The Sharkstooth is one of the highest rock spires in Rocky Mountain National Park as it reaches above 12,630′ to a small summit with views across the Continental Divide and down on the nearby Saber and Petit Grepon Spires. The Northeast Ridge is the most classic path up this soaring spire and with some quality climbing over its 750′ length, this route is a sustained and steep bit of alpine rock climbing at a moderate level of difficulty.
| Description |
The Sharkstooth holds some of the best moderate rock climbing at high altitude in Rocky Mountain National Park and the Northeast Ridge route is a very aesthetic line up this magnificent face on one of the few “non-walk-ups” in the park.
This sustained climb on mostly solid gneiss is one that holds some interesting but moderate challenges ranging from face to finger and hand cracks, offwidths, laybacks and some runouts on mostly good rock. This is alpine rock climbing at its best.
This route is typically in “ideal shape” between May and September when the snowpack is safer or melted away and snow conditions are firm with low avalanche risk and the rock is dry.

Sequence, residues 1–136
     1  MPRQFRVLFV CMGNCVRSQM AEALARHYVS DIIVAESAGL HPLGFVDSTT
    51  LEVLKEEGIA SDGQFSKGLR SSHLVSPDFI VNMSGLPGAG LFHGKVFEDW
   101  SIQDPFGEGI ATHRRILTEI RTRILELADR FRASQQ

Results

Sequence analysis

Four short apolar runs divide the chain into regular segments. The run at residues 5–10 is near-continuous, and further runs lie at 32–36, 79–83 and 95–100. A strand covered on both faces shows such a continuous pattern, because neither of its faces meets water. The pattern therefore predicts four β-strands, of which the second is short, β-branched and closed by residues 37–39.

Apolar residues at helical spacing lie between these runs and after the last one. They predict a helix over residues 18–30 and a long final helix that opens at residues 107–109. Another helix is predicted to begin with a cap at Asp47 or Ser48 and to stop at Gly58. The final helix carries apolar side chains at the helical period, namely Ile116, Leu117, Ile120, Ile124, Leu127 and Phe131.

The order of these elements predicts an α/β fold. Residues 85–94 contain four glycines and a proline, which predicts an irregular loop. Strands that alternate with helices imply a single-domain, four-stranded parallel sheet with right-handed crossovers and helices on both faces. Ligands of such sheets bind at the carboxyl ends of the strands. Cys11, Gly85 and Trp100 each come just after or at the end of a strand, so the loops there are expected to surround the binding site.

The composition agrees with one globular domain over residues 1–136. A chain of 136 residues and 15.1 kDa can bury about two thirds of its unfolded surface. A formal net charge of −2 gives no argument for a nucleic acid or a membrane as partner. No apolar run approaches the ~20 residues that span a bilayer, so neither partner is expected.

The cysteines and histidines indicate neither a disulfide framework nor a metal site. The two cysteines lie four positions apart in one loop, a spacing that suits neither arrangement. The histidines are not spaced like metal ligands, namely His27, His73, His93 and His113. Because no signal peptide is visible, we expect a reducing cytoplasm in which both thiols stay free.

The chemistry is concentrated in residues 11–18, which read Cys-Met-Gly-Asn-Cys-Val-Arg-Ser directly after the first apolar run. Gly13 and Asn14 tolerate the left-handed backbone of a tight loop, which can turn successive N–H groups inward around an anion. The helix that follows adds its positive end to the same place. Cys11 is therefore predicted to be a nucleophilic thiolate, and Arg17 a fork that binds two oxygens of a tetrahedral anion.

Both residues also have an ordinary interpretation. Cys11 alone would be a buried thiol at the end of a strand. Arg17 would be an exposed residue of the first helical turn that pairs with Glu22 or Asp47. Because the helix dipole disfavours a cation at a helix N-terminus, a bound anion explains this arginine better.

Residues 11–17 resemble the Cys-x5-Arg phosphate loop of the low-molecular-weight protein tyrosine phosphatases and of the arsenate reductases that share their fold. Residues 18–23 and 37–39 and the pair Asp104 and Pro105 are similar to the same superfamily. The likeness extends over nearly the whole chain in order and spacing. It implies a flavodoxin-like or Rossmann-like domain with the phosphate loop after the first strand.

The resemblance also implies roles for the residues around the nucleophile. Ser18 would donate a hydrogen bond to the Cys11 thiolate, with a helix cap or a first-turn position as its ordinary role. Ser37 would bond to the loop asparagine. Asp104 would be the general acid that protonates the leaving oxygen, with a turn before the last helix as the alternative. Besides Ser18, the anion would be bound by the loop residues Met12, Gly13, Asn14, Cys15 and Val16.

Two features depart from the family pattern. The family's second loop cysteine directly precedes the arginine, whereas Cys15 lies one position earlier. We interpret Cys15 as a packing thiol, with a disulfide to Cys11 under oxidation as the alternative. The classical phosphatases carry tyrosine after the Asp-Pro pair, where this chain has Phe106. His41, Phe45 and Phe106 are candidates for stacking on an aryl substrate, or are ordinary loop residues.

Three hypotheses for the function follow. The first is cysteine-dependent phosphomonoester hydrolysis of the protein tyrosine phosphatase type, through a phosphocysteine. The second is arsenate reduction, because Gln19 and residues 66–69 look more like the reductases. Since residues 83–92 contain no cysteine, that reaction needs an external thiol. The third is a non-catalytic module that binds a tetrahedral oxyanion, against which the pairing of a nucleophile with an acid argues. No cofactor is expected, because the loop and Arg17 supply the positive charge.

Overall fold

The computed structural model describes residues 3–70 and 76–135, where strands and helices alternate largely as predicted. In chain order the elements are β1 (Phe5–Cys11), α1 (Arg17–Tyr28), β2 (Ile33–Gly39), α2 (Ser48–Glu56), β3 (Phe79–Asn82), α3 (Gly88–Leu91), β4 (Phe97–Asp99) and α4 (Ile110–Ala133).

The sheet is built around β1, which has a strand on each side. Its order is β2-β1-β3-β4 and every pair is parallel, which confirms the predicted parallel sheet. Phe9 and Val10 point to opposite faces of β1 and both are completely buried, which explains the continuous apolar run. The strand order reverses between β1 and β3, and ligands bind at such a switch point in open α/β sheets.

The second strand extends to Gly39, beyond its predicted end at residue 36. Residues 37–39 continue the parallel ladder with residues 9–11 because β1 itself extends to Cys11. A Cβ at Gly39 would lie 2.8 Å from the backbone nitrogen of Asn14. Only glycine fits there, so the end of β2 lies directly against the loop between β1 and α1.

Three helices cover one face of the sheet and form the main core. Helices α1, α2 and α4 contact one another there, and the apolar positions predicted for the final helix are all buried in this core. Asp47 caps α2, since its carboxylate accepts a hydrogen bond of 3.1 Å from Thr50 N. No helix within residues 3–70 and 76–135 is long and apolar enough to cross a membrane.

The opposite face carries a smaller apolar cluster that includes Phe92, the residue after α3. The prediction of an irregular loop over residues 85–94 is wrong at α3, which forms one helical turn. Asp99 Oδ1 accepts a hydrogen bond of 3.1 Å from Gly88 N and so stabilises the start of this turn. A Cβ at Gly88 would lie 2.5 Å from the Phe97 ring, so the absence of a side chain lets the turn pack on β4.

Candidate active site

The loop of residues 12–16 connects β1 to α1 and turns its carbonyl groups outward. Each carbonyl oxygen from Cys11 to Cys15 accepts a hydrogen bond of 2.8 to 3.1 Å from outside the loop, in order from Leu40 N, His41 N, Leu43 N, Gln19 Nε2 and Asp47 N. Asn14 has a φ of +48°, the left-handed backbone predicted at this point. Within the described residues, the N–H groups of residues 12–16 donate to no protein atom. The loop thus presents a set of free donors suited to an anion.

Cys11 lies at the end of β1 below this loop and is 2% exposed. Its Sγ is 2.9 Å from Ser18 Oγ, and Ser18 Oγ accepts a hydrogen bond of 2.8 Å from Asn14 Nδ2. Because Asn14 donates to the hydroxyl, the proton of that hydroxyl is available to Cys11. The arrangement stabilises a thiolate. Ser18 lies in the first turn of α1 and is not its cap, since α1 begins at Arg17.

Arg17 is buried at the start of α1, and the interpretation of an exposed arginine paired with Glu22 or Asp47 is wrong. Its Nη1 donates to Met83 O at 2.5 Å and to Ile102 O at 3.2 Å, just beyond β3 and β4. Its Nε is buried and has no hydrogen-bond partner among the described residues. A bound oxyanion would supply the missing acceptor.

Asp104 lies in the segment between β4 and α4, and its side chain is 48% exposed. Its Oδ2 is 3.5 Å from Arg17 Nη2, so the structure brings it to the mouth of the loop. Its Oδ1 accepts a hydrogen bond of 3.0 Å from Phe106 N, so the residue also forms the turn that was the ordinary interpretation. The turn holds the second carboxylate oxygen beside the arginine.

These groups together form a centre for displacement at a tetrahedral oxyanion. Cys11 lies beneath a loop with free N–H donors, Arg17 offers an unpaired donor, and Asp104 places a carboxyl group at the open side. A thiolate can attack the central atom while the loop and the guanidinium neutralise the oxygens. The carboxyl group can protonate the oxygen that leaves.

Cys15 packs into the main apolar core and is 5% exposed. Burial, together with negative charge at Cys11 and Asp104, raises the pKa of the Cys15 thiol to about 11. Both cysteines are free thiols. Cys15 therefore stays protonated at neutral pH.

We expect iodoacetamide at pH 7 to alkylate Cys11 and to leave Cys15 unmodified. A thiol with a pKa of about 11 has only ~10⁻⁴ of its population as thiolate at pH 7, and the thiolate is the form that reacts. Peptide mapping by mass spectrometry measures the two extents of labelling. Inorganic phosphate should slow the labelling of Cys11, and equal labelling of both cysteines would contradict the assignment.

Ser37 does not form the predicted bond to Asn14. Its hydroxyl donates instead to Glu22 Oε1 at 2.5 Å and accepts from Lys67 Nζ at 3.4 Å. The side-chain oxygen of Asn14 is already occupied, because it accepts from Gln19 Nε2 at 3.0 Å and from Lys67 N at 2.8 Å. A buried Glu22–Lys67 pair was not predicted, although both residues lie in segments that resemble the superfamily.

The Sharkstooth is probably one of the more popular lightning contact points in the high country of RMNP so definitely a place to stay away from when there is any threat which can be common from May through August.
The cirque below the Northeast Face of the Sharkstooth in typical June conditions.
The middle of the second pitch on the Northeast Ridge of the Sharkstooth
Location – Lat/Lon: 40.28050°N / 105.675°W
The total approach hike to the Sharkstooth from the Glacier Gorge trailhead (9200′) to the base of the Sharkstooth (11,900′) is a solid 2700′ of elevation gain and with approximately 4 miles of uphill walking on the approach, the total hiking time may easily exceed the climbing time on this more remote spire in Rocky Mountain National Park. Expect this hike to take at least 3 hrs. from the trailhead to base if not more.